The Challenges of Teenage Girls in Nacala-a-Velha

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Osvaldo Simão

Provincial MEAL Coordinator

Save the Children in Mozambique

December 9, 2016

In Nacala-a-Velha, Mozambique, Sponsorship’s Adolescent Development program benefits 12,000 teenagers, aiming to help them develop practical knowledge about how to be prepared for adult life. Unfortunately, traditional practices in the communities where we work increase the likelihood of unplanned pregnancies in adolescents, which makes it hard, especially for girls, to continue their education. Girls in this part of the world, starting as young as 11 years old, are taught that to be productive members of their community their primary obligation is to have children and to care for their husband and their home.

In order to mitigate these challenges, Sponsorship programs lead groups of adolescents and community members in activities that spread awareness on sexual and reproductive health skills, such as by discussing topics like contraception, family planning and the dangers of early pregnancy for girls. The goal of this programming is to reduce the high rate of unwanted pregnancies in these areas and to prevent the transmission of sexual diseases in adolescents. Awareness campaigns, radio broadcasted messages and theatre groups are among the strategies used. The radio broadcasts for example, spread awareness on how adolescent girls who become pregnant are forced out of school and cannot continue their education, which in turns hurts the development of the community as a whole. Teenage listeners are able to call in and discuss with adolescent peers participating in the radio programs topics they may be uncomfortable discussing face-to-face or with adults, like those regarding sexual and reproductive health.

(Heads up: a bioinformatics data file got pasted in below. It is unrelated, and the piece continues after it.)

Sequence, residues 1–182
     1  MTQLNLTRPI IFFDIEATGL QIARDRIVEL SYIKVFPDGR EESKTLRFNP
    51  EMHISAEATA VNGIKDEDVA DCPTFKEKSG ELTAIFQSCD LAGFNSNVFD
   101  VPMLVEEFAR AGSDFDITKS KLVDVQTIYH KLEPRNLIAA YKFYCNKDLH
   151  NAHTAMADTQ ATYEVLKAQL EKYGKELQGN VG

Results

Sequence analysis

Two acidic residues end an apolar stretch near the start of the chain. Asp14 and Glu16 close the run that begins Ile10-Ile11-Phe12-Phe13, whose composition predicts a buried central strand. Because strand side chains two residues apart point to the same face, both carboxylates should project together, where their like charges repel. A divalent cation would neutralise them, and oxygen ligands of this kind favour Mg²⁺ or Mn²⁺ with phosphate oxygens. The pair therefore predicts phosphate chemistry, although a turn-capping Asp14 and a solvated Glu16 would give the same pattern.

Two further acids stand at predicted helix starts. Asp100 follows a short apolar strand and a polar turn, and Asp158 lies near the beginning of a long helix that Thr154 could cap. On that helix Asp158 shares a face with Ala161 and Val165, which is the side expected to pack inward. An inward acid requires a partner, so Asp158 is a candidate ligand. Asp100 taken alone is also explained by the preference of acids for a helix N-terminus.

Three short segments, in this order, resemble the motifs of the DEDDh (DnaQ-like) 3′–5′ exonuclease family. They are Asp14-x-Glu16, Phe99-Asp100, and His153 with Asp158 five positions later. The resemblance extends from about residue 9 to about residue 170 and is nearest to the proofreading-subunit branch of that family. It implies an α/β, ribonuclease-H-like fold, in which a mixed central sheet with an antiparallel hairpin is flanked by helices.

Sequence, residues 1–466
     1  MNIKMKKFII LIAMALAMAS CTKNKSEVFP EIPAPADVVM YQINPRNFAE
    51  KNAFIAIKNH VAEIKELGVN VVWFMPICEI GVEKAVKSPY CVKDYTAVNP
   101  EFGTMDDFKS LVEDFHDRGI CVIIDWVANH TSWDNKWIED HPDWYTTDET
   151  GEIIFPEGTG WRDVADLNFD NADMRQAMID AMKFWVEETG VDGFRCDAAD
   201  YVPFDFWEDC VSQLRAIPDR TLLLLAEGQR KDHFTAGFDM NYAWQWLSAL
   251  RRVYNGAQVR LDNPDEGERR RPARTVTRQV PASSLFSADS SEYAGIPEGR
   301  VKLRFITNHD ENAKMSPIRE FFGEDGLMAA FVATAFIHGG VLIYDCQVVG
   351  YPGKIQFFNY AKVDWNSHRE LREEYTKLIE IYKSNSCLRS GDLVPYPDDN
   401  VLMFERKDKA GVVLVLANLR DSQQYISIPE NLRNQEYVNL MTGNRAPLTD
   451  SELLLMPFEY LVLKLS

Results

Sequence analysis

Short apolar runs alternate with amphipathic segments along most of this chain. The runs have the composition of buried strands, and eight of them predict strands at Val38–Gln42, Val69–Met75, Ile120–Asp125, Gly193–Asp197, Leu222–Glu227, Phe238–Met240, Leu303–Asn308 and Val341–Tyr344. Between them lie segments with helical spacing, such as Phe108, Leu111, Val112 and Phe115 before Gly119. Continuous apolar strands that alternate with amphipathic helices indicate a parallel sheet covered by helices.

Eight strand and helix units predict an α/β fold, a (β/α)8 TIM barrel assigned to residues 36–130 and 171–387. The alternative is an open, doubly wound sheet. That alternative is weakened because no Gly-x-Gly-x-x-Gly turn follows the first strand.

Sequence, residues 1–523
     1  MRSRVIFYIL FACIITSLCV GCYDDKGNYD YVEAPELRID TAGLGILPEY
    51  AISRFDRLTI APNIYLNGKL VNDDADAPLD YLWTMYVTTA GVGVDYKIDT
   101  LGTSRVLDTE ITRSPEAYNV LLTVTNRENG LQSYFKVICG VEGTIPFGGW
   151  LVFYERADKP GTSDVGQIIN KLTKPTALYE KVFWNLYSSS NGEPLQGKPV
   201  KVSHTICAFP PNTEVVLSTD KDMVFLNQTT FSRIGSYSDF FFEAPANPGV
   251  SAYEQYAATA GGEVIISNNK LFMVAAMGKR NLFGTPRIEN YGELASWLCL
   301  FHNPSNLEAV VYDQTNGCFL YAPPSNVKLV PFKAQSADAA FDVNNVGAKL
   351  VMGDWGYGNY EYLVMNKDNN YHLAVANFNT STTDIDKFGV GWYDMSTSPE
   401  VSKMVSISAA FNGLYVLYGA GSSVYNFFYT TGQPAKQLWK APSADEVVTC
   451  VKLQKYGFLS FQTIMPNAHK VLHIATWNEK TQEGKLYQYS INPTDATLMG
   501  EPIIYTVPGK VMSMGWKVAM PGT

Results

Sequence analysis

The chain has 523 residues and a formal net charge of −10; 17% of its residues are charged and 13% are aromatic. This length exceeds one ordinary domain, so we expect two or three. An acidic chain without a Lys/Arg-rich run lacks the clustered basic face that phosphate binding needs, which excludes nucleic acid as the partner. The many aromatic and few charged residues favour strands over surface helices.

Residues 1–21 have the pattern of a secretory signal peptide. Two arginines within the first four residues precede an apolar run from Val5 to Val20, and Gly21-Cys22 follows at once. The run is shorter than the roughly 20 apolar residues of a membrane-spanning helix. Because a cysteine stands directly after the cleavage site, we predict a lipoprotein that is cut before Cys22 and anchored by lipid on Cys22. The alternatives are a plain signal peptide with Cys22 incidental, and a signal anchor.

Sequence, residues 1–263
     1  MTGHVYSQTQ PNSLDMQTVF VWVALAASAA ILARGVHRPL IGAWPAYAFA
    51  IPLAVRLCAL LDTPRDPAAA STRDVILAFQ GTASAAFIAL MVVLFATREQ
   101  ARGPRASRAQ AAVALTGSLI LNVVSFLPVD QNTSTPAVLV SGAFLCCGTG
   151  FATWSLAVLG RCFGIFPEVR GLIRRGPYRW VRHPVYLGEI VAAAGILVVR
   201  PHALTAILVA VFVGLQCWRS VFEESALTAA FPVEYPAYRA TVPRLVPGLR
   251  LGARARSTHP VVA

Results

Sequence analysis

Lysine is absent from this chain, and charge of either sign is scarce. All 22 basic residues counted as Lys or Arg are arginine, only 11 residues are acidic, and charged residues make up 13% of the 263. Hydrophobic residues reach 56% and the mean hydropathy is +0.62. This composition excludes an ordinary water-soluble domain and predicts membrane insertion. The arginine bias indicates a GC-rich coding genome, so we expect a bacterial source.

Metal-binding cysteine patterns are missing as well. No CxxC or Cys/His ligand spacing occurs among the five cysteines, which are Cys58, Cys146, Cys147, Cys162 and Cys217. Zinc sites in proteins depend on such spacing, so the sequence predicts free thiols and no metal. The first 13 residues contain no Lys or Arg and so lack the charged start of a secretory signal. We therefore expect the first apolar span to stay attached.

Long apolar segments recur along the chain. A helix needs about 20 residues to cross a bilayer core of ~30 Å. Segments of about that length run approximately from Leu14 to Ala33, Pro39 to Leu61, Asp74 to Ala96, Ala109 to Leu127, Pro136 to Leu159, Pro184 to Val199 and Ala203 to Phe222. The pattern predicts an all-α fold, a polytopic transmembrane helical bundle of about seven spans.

Adolescents sharing their messages on health over the community public radio.
Adolescents sharing their messages on health over the community public radio.

Adult community members, such as female teachers or doctors, also hold sessions to explain the benefits of withholding sexual activities until an older age to teenage female students, and act as role models – showing the girls it is possible to fulfill their dreams and ambitions.

The community of Namalala, one located in Nacala-a-Velha, has a particularly high rate of early pregnancy. Here, Sponsorship is working hard to train teachers, school staff and healthcare providers on how to implement friendly adolescent services. Since starting our programs here, we have seen the community members join these efforts in a massive way, helping to organize weekly activities for adolescent students that encourage them to express themselves, for example through theatre or poetry readings. We’ve since seen early pregnancy rates go down, and likewise students’ dropout rates have significantly decreased.

Osvaldo poses with adolescents who benefit from our programs.
Osvaldo poses with adolescents who benefit from our programs.